Monday, August 22, 2011

2011 Pikes Peak Marathon

Well I was certainly humbled by the mountain on Sunday as it kicked my butt.  Not the race I was hoping for but I'm sure over time I will come to appreciate my number of PPM finishes more than the times on the clock, and this was my third finish.

With all the compiled data on this race, it's easy to overanalyze things, but I think in the end it just wasn't my day.  It all started by not waking up until 4:30 (in Fort Collins) and having to hop in the car, speed down to Manitou Springs, pick up my race bib, and jump into the start line.  I got all this done with just a few minutes to spare, so in a way I was just glad I got to run the race this year.  Unfortunately, I had no breakfast and forgot my gels.  At least I had a water bottle, but it would turn out that I couldn't get myself to drink enough of the aid-station Gatorade.

All excuses aside now, we had absolutely perfect weather this year.  No need to even carry a long-sleeved shirt.  I decided to take off a little faster than usual at the start, in hopes of not getting caught in too much traffic on the climb through the W's where everyone gets funneled into some narrow single-track.  It was still crowded, but I did run more of the W's this year than in past years (still not sure if that was a good thing though).  I was easily under sub 3:30 ascent splits (my ascent goal) through the Bottomless Pit Sign, but I never really felt that great from the start.  It was then a pretty steady meltdown for me all the way to the top.

Hitting the summit turnaround (Photo: Kevin Hurd)

I find it quite interesting that my time from Hydro Street to the "2 to summit" sign was within 1 minute of the time I ran it 2 weeks ago on a conservative training run (half of that in the dark via headlamp).  I felt great that day and could have easily pushed a good pace to the top.  I was nearly an hour from there to the summit yesterday, although I'm sure at least 10 minutes of that was me hugging a rock while letting others moving much better than me pass by.  I just seem to do my best running when I am relaxed and it is just me and the trail.  I get really anxious with all of the passing and being passed in a crowded race like this, and it really wears on me.  Maybe that is why I don't race much and tend to favor smaller ultras where I know I'll be by myself more than not.

I hit the summit in 3:52 and thought maybe if things turned around for me I could break 6 hours for the marathon.  I just felt crappy the whole way down, however.  I even walked down Ruxton Street to the finish because I was afraid I might throw up on a spectator if I ran.  I obviously got behind on my fueling and hydration.  My finish time of 6:25 was about the same time I ran 3 years ago on the back side of a "Double" (ran the Ascent the day before) and in a snowstorm.

So what draws me to Pikes Peak?  It is because it is "Pikes Peak".  Ms. Arlene Pieper, the first official women's finisher at a U.S. marathon at Pikes Peak in 1959, sent us off with the "ready, set, go".  The singing of "America the Beautiful" before the race still gives me goosebumps every time.  They call this race "America's Ultimate Challenge" and this challenge, along with it's storied history, great volunteers, and true camaraderie between competitors will always keep bringing me back.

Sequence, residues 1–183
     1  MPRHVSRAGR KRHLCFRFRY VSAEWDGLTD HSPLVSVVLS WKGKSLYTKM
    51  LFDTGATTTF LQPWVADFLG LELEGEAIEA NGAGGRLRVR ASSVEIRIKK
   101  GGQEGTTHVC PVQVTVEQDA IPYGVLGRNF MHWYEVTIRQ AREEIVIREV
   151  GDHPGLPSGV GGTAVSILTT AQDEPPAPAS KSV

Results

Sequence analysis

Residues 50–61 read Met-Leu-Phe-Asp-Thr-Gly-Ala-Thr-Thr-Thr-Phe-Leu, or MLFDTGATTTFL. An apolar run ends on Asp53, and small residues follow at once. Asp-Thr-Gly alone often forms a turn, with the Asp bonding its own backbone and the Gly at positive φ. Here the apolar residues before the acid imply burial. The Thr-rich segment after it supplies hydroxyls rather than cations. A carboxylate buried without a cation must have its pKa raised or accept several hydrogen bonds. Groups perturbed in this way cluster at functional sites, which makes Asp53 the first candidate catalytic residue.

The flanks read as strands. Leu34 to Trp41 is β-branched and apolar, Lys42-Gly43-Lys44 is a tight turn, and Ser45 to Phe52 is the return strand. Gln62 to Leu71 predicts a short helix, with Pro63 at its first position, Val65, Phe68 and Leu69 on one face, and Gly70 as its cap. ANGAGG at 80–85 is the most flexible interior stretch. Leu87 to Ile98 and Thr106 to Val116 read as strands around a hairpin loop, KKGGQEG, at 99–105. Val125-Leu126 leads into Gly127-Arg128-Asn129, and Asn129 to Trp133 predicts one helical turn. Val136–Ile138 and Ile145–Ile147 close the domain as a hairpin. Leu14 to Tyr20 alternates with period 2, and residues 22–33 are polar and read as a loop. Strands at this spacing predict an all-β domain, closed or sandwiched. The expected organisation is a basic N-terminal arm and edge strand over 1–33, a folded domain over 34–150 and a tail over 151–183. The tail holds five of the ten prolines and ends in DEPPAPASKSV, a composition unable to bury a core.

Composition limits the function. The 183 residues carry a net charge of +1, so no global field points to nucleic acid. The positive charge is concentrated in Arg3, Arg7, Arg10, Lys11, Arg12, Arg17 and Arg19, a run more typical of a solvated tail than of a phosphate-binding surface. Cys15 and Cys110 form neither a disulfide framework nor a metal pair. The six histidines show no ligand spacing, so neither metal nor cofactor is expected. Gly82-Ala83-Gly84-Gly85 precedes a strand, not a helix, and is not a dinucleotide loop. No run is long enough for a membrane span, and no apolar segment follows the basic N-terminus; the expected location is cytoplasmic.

My overanalyzed race splits:
Ruxton 3:21 (projected 2hr32min Ascent)*
Hydro 10:38 (2:49)
Top of W's 37:33 (3:07)
No Name Creek 56:52 (3:14)
7.8 to Summit Sign 1:18:35 (3:18)
Barr Camp 1:42:59 (3:23)
Bottomless Pit Sign 2:00:53 (3:28)
A-Frame 2:33:58 (3:36)
2 to Summit Sign 2:58:54 (3:40)
1 to Summit Sign 3:22:00 (3:45)
Summit 3:52:54
Finish 6:25:06
*Projected Ascent times from Matt Carpenter's pacing calculator

I guess the rumors of Matt's demise were grossly overrated.  At age 47, he made it a record-tying 6 straight wins for the marathon and 12 total.  The man is truly inspirational.  Came across this great post-race perspective from Matt via GZ's blog.


  1. What shoes did you end up wearing?

    PS: You looked good at the summit

  2. My worn out Cascadias. My feet were hurting on the descent. I need some new shoes.

    Great job on the Ascent debut!

  3. Congratulations on another PP finish, that alone is victory! I cannot imagine trying to run that thing with zero fuel in me beforehand - I'd have been barfing before I hit Barr Camp. Hopefully you took advantage of the masses of Skittles and M&Ms!

    I just read your comment about the Cascadias - I think half the Ascent was filled with those shoes. I had huge issues with the balls of my feet killing me (Pearl Izumi Peak II), I keep wondering about those Hokas and if you can feel any of the ground. Anyway...

    Sorry it wasn't your A-race but I think it's still a pretty cool accomplishment!

  4. I wore Peak road flats and my feet are thrashed today. Worked for race day though.

    Do you think it was the race day fueling in the AM that threw you off?

  5. Jill: Congrats on your Ascent! I saw quite a few Hokas in the marathon. They certainly allow for a more cushioned descent, but I prefer the Cascadias.

    GZ: Yeah, I wish I had gotten a better head start on the fueling pre-race because I have been struggling lately taking in calories even on my long training runs. More lessons learned after every crack at that mountain.

  6. Way to finish Rob. Your year so far has shown what a tough runner you are. Way to go. What's next?

  7. What's next? How about Horsetooth, Lory, RMNP, Comanche Peaks, Indian Peaks, Rawahs, ... We are lucky to live where we do. I'll throw my name into the Hardrock hat again and depending on how that turns out I can then plan on what suffering, I mean racing, I want to do in 2012.